Local Coverage, Global Perspective

Why A Favourable Ruling for Somalia ends Kenya’s LAPSSET Project!

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By Chief Editor Daily Jubba

LAPSSET refers Lamu Port and the New Transport and Development Corridor which leads to South Sudan and Ethiopia. It is one of Kenya’s Vision 2030 flagship projects. This project aims to connect the two landlocked countries to Kenya’s Lamu port through road, a standard gauge railway line, a fiber optic cable and an oil pipeline easing up the Mombasa port for local and regional use.

However Lamu port mainly targeted serving other countries in the region with no or less developed sea ports while Mombasa mainly serves the Kenyan local market. This plan was all good until 2 things happened; an endemic crippling corruption in Kenya and Somalia taking Kenya to the International Court of Justice in 2014 to reverse back a “bogus” memorandum of Understanding signed between the two countries by self-serving politicians who have since more or less admitted to their ill dealings being affront to all existing and underlying international regulations and laws that govern states, particularly those in regards to territorial integrities of sovereign states.

Although the disputed area of the Indian Ocean contains  large oil and natural gas reserves, which are the main contributing factors for the maritime dispute at all, one has to bear in mind that Lamu geographically lies less than 60km or 32.4 nautical miles away from Somali territorial waters and international maritime border, this therefore entails that if Somalia wins the case at the International Court of Justice (whose ruling is slated for 12th October 2021) and Kenya not showing up for the hearings against a much more determined and prepared Somalia, the overwhelming opinions of all educated legal minds are in predicting a favorable ruling for Somalia. This would mean the planned Kenyan port will have no access to international waters unless they pay Somalia taxes for access and use of the coastline. Having no access to international waters means a lot of taxation burden.

Somalia has for the last five years been subjected to immense pressure from Kenya, African Union, UK, Egypt, Qatar and even the United States to reach an out of court settlement with Kenya regarding the maritime dispute as Kenya’s economy recovery and its Vision 2030 relies heavily on this sea access. In its campaign of total pressure; it has contravened all international laws by meddling in the internal affairs of Somalia, violating the territorial integrity of Somalia as well as irrationally cutting & forcing to re-new diplomatic ties every few months. One might ask why Kenya feels threatened. Let me try to explain the ramifications of a favourable ruling for Somalia.

Getting hold of this news many of the potential port users namely South Sudan, Ethiopia, Uganda, Burundi, Tanzania, Rwanda, DRC and the Central African Republic have since withdrawn their input contracts from the project.

To make matters worse for Kenya the project has already started and phase 1 was already fully completed, undertaken by a Chinese company and on a loan. Since the project won’t succeed in going ahead fully that is already a bad debt, a bad debt is unattainable debt as per finance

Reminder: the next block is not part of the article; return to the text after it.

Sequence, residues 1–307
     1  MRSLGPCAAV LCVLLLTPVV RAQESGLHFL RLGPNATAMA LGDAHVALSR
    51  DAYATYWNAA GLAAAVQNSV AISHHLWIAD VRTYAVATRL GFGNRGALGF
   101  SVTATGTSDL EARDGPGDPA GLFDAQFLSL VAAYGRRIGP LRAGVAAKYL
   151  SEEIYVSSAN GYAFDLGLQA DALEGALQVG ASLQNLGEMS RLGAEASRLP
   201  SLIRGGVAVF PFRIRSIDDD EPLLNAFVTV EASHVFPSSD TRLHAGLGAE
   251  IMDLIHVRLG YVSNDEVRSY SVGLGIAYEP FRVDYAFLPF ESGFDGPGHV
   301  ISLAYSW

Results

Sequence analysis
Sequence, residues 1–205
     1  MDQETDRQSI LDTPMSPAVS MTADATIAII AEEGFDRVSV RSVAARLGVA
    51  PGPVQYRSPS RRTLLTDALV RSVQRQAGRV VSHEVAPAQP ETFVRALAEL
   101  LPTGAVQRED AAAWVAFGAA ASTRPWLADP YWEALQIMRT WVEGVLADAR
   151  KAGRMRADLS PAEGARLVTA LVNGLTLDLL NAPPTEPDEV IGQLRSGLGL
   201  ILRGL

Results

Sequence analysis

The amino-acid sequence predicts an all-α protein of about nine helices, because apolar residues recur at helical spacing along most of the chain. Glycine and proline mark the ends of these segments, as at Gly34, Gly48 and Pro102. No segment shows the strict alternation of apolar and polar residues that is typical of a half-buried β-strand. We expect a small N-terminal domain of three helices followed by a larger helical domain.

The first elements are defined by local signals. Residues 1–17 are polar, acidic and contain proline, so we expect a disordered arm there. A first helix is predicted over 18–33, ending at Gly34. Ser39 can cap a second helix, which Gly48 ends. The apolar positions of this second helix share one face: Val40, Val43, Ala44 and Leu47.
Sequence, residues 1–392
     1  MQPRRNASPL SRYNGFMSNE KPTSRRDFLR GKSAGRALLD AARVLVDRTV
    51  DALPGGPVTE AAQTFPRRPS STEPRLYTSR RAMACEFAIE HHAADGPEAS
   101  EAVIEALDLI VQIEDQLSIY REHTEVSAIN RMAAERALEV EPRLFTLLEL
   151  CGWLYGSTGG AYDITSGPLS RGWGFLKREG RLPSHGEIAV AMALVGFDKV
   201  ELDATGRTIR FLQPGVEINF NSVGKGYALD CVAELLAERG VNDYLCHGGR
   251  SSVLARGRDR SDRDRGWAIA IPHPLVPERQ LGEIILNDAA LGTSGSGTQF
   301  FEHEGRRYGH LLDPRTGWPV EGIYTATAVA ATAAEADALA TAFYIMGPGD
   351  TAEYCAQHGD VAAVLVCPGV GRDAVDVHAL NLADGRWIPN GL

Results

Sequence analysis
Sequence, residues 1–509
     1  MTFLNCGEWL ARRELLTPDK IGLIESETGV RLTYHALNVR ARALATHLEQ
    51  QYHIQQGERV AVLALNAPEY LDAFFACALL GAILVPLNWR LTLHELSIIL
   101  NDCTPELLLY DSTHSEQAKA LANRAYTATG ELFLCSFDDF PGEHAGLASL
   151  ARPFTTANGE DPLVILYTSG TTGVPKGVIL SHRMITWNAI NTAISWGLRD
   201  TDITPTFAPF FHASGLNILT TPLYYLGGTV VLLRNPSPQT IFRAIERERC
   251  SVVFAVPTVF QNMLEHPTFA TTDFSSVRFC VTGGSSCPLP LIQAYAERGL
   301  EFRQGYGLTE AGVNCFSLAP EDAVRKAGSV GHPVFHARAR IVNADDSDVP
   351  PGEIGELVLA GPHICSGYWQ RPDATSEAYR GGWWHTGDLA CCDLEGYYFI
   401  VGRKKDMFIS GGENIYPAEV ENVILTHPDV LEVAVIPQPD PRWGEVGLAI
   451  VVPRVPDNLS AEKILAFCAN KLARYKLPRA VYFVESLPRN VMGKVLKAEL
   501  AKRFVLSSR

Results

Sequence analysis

Once goods arrive at Lamu port, they would, naturally have needed to be transferred to their respective countries, so this transfer of goods was to be done by a Chinese built Standard Gauge Railway that goes from Mombasa to Nairobi and later expanded to go from Nairobi to Naivasha. It was also planned to be extrapolated further into Uganda. As many countries withdrew from the original plans, Uganda was no different in saying “no thanks” to the railway connection. Tanzania was totally different in their withdrawal from the failed project; they instead focused on developing their entire own ports. This means they can also serve Rwanda and Burundi thereby having much more beneficial use for the developed ports. Tanzania has been working tirelessly in its own self-reliance, not only are they building a high speed electric train( Turkey is building for them with half the price of the Kenyan Chinese built debt train) but also have been rumored to encourage Uganda in withdrawing from a planned Kenyan oil pipeline from Uganda to Tanzania.

Since 2015 and the election of the John Pombe Magufuli, Kenya and Tanzania have been in an uneasy place, this has led to Kenya even at one point hosting the head of Tanzania’s opposition, making sure he got international coverage in his opposition to the sitting Tanzanian government. This tussle has also brought in Rwanda which increasingly investing in Tanzania as opposed to Kenya. Rwanda intends to build the biggest airport in the region in conjunction with the gullf State of Qatar, this means Kenya’s biggest airport in the region will be dethroned as Ethiopia will come second with the building of a 5 Billion Dollar airport that furthers pushes down the options in favour of Kenya.

All this goes to show the level of desperation Kenya feels as it tries every method of coercion in the book, to intimidate, cajole and force Somalia into corner. Although Somalia is in a recovering shape it has stood firm in the face of unimaginable odds and international pressure. These whole dialectics would not make sense had Somalia not tipped the scale in a multidimensional fight for resources and access to the sea in a region of economies growing by double digits; Somalia is a key player and a consequential one at that in the chess-like games of the East and Central Africa.

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